We have to partly, if not mostly, blame our governments' past and present policies that protected our interests overseas while disregarding local people's needs...

Jake
September 13th, 2006, 12:58 PM
It was pretty clear to Robert J. Oppenheimer and many of the other scientists involved in the development of the Atom Bomb and the subsequent bombing of Japan that the use of any such bombs in the future should be avoided at all costs. Following the end of WW2 the scientists re-convened serious work on the US atomic arsenal only after the Soviets detonated their first atomic weapon in 1949.

That's true, even Einstein agreed with this BUT following WW2 the American government was very much filled with military commanders who had a good understanding of the advancement and capability of the nuclear program. THe US had quite a few warheads following the bombing of Japan but the problem was largely strategic.

The US had no long range bomber until 1952 (I believe) and the USSR constantly threatened to attack western Europe by their conventional forces should an American attack occur. Despite this the USSR took much longer to achieve both true nuclear and strike capability. So in the early years the US did have a monopoly, though maybe not strategically feasible, and later on had a vast superiority for many years. MAD was not achieved until these warheads reached the 1000s levels so if the US wanted to destroy the Soviets they very much could've for many years.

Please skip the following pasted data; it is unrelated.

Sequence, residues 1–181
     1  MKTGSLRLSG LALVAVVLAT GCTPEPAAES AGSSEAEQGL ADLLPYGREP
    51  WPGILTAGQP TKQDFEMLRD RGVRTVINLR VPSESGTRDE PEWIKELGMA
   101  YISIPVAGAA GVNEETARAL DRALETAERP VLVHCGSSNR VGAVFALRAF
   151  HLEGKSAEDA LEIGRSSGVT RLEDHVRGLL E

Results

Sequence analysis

from Wikimedia Commons:
http://upload.wikimedia.org/wikipedia/commons/thumb/5/5d/US_and_USSR_nuclear_stockpiles.png/797px-US_and_USSR_nuclear_stockpiles.png

lofter1
September 13th, 2006, 06:50 PM
American Military strategists had determined -- even in the early 1950s when the numbers of nuclear weapons held by each side numbered only in the hundreds (as opposed to the thousands each side had developed by the mid-60s) -- that the Soviet Union had only two viable target cities that the US could strategically hit with nuclear weapons in order to cause the ruin of the USSR (Moscow and Leningrad).

However those same strategists realized that the Soviets could pick between 50 US target cities -- any small combination of which would bring America to its knees.

Much more difficult to protect multiple targets.

For the US the game became as much a problem of defense as offense.

And when it came down to it the leaders of neither the US nor the USSR were willing to risk the legacy / outcome of nuclear war. Besides which side could afford to bankroll the costly follow-up to nuclear war?